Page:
Glossary of Terms
African Traditional Religion. There are two main concerns of ATR: one is ancestral veneration, and the other is service to the divinities.
the name of the most widely recognized African Traditional Religion (ATR) practiced in Brazil. There are many different denominations of ATR in Brazil, and there are many different sects of candomblé, called 'nations', including West, Central and Southern African traditions, such as ketu, bantu, and jeje.
refers to people born in Rio de Janeiro. Carioca da gema refers to people whose families have been born in Rio de Janeiro for many generations.
a form of slavery that involves a person owning another person as a piece of personal property—able to lend, rent, sell or inherit—in the same way one can own a cow or a pig. This is distinct from other types of slavery, like wage slavery, punishment, or indentured servitude.
escravo de ganho (earning slave):
a type of urban slavery where the enslaved person had to work at a job, but the wages/salaries were paid to the person designated as the 'master'. Typical jobs included construction and transportation of goods and people.
tight-knit urban communities that are self-built and self-organized due to lack of State services and infrastructure, like sewers, trash collection, and street lamps. Often referred to as "slums" or "shantytowns" in the international press, Rio de Janeiro has between 600-1000 favela communities, depending who's counting.
a drum rhythm, a song and a dance originating from Congo-Angola, which was continued by the enslaved in rural Brazil. Today, descendants keep this tradition in both rural and urban strongholds. Jongo is a symbol of political and cultural resistance.
a category of enslaved Africans who had adapted to the culture of their captors; an African-born person 'broken' by the slave system.
designates a large public area; a square.
mãe-de-santo or pai-de-santo:
Holy Mother or Holy Father; Priestess or Priest. In Candomblé and other ATRs, both men and women can rise to the highest ranks in the religious orders and lead groups of practitioners and initiates in their rituals, teaching the wisdom, the traditions and the secrets of their sect.
(in Spanish: orisha); the divine spiritual entities at the center of ATR practices in Brazil. In short, the orixás represent the manifestations of the powers of nature — likely the origin of those similar pantheons in Greek or Roman mythology.
designates a large public area; a plaza.
(literally: new blacks) refers to the captured and enslaved Africans as they arrived in Brazil. Upon arrival to Brazilian shores, the pretos novos had been in captivity, on average, for one year.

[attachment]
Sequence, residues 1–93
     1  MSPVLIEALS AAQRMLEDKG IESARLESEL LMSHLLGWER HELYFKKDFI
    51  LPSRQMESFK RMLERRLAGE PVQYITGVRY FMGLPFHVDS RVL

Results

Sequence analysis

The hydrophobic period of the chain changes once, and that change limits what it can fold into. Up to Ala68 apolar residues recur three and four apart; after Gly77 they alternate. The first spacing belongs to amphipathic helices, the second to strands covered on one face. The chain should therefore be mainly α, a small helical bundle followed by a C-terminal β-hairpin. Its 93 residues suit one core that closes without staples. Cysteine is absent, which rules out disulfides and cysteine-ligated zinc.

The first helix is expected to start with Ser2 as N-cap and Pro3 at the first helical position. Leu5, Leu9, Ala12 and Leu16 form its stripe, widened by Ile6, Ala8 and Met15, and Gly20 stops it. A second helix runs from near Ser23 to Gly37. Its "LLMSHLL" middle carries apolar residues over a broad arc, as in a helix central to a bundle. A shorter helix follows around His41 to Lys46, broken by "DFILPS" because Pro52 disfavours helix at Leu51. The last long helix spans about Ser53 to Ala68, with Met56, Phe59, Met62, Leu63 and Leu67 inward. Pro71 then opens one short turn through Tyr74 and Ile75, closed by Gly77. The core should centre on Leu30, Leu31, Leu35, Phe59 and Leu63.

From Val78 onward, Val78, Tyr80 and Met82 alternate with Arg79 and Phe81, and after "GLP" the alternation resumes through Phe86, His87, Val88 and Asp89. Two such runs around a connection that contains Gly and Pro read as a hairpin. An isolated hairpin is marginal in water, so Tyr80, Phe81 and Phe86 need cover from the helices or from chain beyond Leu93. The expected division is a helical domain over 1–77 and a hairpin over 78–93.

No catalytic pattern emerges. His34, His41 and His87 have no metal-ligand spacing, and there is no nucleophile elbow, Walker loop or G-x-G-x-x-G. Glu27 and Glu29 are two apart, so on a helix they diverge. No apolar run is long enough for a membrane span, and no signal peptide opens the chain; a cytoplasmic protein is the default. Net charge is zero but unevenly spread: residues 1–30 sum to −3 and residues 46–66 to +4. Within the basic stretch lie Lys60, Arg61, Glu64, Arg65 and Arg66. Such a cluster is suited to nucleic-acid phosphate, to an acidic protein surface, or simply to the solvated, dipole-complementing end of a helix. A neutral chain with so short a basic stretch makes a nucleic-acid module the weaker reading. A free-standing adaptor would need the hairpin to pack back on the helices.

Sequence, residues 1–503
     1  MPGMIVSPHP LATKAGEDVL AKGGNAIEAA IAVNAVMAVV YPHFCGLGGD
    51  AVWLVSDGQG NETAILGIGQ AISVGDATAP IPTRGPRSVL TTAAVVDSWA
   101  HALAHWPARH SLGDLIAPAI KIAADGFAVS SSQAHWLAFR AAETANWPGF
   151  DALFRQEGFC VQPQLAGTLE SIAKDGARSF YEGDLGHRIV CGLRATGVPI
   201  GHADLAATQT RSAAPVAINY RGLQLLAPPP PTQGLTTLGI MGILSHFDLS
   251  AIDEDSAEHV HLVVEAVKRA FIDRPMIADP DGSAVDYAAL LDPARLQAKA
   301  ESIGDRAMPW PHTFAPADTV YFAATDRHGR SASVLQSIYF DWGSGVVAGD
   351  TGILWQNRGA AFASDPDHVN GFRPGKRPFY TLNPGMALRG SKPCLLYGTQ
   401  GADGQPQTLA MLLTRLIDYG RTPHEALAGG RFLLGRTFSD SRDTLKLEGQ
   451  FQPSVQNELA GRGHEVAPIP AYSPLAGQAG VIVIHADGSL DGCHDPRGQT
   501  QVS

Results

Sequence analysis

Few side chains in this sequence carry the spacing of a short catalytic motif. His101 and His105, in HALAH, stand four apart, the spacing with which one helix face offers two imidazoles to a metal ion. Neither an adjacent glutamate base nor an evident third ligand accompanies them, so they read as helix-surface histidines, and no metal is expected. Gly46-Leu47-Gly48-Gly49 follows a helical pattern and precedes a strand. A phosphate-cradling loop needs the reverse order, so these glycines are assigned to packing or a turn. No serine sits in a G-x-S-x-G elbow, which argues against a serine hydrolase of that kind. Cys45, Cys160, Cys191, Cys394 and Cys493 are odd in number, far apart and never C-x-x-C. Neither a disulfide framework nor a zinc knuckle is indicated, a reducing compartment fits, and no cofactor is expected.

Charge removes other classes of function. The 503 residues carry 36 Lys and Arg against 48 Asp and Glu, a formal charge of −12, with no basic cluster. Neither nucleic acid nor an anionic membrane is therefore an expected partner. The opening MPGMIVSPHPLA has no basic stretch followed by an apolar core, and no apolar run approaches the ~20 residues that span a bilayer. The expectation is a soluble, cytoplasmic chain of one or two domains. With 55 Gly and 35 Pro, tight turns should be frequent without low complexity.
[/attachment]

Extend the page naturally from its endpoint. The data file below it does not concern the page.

(literally: old blacks) a powerful spiritual entity found in Camdomblé, Umbanda, and other ATRs. Spiritually, the pretos velhos act as guardian angels, protectors, and guides for the descendants of the enslaved in Brazil. They hold African memory and connect the New World to Old Africa.
(in Spanish: palenque) a community of runaway slaves; maroon community. There are over 2500 registered quilombos in Brazil, but the true number is still unknown.
In Candomblé and other ATRs, the terreiro is the place where the group gathers to practice their rituals. A practitioner belongs to a specific terreiro the same way a Christian belongs to a specific church, a Jew belongs to a specific synagogue, or a Muslim belongs to a specific mosque. Usually, the terreiro is an outdoor location, though in urban settings, it can be indoors, like a temple.
a very low status enslaved person who was charged with carrying waste from homes and dumping it into the bay. Tigres carried the waste in large vessels on their heads and the foul contents would slop and slosh around as they walked through the city. The drips would permanently stain their skin, leaving a striping pattern and thus, they were called 'tigers'.
a syncretic religion that mixes traditions from Africa, the Roman Catholic saint system, the Spiritism practices of Allan Kardec, and indigenous religious practices. This religion was founded near Rio de Janeiro, in the city of Niteroí, but has spread throughout Brazil and South America.